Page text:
March 2022 Arts Marathon: Art supports the Central Vermont Refugee Action Network | Vermont Arts
A glimpse of nature in a watercolor by Rachel Walker Cogbill arrives via email daily in March in her “Beauty in Nature” project. Every day in March, Susan Reid will write a poem or a melody, sending her lyrics or a score and a recording to her sponsors. Photographer Orah Moore will be taking and sending images of people in the community throughout the month. Fiber artist Pamela Wilson will take her sponsors on her daily progress by creating a new piece in her “Receiving Blanket” series – design by spinning, dyeing and weaving.
Cogbill, Reid, Moore and Wilson are among more than 40 area artists creating and submitting artwork to the Central Vermont Refugee Action Network’s (CVRAN) March 2022 Arts Marathon sponsors. Throughout the month, sponsors of participating artists receive a daily dose of art.
The March Arts Marathon raises funds for the Refugee Action Network, for its work with refugees, asylum seekers and migrant workers in central Vermont.
“The March Arts Marathon brings together support for social justice and the arts,” said artist, author and volunteer Amy Ehrlich, who will mix it up – by sending in a drawing, painting, photograph or writing every day.
CVRAN, a volunteer-run non-profit organization based in Montpellier, was founded in 2015. It is dedicated to making communities in the region welcoming and safe for refugees, asylum seekers and migrant workers. Its mission is to help these new Vermonters settle, work and prosper in the region.
This is CVRAN’s second annual Arts Marathon. Last year’s event brought together approximately three dozen artists and raised over $47,000.
Proceeds from this year’s Marathon will help provide housing, living expenses and legal fees for six asylum seekers that CVRAN is currently supporting in this area. The funds will help Afghan refugee families resettling here get furniture, household items, transportation and employment support, among other things.
The March Art Marathon was conceived by poet and artist Nicola Morris from her experience attending a poetry fundraising event for the Center for New Americans in Massachusetts. When Morris introduced the idea to other CVRAN volunteers, it was met with enthusiasm, and also with enthusiasm to extend it to visual arts and music.
Participating writers and artists engage in daily creative practice – painting, drawing, writing, whatever they wish. Sponsors sign and receive daily copies of artists’ work via email, Instagram or in a blog.
Each artist has a page on the CVRAN site indicating their mission for the month. Sponsors sign up, make the donations of their choice, and on March 1, the daily art begins. A gallery is displayed halfway through the project.
Alongside daily creative practice, the Marathon connects artists with other project participants and with their sponsors when recipients respond to their works.
Cogbill, a second-year participant and CVRAN volunteer, noted that the Marathon is like the proverbial multiple heat of firewood – warming the logger, the splitter and the stacker along with those who appreciate the fire.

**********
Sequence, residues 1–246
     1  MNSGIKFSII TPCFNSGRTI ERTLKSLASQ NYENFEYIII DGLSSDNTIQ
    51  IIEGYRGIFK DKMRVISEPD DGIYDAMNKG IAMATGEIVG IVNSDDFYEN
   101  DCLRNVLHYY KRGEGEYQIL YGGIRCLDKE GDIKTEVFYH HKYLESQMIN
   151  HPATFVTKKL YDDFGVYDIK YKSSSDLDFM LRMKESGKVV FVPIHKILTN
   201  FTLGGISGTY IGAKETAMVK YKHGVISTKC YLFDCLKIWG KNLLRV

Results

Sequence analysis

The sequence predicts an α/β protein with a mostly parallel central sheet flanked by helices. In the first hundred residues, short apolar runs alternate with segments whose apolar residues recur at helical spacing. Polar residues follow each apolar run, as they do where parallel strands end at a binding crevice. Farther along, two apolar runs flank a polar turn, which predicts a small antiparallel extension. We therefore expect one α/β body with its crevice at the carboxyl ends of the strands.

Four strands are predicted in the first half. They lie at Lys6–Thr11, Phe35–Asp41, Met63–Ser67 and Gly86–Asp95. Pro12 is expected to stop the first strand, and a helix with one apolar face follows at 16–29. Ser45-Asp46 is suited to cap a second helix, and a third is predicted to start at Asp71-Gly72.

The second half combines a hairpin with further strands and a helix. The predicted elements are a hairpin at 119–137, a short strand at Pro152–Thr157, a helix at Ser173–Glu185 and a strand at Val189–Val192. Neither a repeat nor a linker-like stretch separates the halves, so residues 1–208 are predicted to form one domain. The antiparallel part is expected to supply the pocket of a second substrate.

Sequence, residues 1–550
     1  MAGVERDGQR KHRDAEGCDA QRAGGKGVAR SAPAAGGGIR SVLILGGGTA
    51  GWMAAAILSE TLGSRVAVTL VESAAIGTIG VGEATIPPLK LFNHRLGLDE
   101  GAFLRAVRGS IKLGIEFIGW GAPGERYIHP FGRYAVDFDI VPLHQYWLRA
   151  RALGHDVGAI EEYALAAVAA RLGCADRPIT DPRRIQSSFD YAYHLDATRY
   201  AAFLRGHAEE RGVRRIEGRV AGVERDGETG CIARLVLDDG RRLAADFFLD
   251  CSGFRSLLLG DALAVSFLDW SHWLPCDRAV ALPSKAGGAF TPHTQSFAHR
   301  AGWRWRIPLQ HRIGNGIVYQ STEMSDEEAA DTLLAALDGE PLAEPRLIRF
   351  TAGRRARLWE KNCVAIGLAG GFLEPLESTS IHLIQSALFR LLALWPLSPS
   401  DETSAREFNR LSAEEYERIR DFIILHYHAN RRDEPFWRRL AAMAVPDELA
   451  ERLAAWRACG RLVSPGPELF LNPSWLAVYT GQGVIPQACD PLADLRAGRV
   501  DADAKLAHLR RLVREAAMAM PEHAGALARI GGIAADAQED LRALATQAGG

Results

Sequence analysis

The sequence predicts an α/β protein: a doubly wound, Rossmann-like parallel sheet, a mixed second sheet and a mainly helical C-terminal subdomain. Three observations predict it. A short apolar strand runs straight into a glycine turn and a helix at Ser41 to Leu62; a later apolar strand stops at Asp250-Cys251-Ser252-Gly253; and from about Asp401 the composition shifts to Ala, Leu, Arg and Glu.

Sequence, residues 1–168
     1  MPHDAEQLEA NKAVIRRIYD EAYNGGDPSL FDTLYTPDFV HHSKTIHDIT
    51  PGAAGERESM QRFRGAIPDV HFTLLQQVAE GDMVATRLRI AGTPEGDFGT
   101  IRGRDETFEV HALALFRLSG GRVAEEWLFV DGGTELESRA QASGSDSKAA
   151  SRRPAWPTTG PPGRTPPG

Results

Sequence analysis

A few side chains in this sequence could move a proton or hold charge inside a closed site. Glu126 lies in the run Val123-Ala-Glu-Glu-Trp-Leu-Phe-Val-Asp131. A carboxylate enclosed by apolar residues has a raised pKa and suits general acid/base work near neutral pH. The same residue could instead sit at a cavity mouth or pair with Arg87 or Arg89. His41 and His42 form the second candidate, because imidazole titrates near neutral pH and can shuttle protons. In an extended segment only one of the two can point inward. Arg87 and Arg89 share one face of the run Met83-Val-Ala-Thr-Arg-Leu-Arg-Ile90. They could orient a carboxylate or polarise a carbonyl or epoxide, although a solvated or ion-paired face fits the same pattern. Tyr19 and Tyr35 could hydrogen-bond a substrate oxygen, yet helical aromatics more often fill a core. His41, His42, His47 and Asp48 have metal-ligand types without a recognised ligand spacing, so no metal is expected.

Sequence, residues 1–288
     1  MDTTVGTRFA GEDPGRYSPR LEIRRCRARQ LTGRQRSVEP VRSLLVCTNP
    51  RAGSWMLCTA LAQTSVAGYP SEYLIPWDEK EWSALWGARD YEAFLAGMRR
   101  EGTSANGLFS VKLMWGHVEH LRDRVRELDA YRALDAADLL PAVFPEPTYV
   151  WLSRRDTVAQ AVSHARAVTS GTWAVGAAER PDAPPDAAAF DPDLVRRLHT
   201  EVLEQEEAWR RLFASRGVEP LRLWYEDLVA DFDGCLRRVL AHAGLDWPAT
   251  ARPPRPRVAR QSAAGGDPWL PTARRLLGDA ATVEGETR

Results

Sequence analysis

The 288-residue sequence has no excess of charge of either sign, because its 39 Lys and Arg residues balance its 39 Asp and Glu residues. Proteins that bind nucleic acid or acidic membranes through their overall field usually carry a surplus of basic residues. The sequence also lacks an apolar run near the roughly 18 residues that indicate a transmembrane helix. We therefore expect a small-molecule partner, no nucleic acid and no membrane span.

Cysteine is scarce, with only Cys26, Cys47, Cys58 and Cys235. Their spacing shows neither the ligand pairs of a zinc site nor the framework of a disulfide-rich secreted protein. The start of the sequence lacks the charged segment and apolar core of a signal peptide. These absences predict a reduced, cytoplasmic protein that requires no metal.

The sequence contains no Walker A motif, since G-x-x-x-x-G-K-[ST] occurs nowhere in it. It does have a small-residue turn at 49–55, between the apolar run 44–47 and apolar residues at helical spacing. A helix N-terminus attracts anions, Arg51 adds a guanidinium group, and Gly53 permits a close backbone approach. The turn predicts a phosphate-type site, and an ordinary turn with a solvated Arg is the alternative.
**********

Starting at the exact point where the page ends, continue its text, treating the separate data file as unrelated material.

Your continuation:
“He mainly helps refugees and asylum seekers, and that’s his goal, but along the way, he gives people the opportunity to do good work and get involved in the community for a common purpose” , Cogbill said.
There is a great diversity in the projects of the participants.
Photographer Moore will take photos of masked and unmasked people.
“Both are part of our lives, whether we like it or not at the moment. This will help me sort out, as an artist and a member of the community, the concept of place and identity: two things our refugees and asylum seekers have to deal with,” Moore says on her Marathon page, noting that after last year’s Marathon, she became a CVRAN volunteer.
“Participating as a driver and conversation partner opened up a world where I saw the importance of having a support system when transitioning to very unfamiliar places…building bridges of trust,” says Moore.
For “My Place is Your Place: Portraits of the Mountains of Vermont,” Anne Cummings is developing a series of “carbon footprint portraits” of the state’s major mountain peaks, “sharing my love of Vermont’s mountains with new residents and expressing my environmental concern message,” she explains on her page.
Seventeen-year-old Darwin Melchiorre makes largely realistic art and will send pictures of watercolours, ceramic pieces, sketches, poetry and nature photography to sponsors.
For Janet Van Fleet’s project, “Looking Over My Shoulder”, she creates a record of her artistic career over the past 25 years. With selected works organized in chronological order, Van Fleet will send one or more images each day along with thoughts on the work.
RD Eno plans to produce one poem a day for his “Fauxsongs and Doggerel”.
Eno notes, “I also write on behalf of the refugees, many of whom have yet to be lifted out of even deeper darkness and more thorny difficulties. They are, for the moment, strangers among us… It is a wonder to me and a rare source of hope that refugees come to seek asylum in this homeland, from which I feel increasingly distant. By helping them, we may be able to help dispel the darkness that besets us.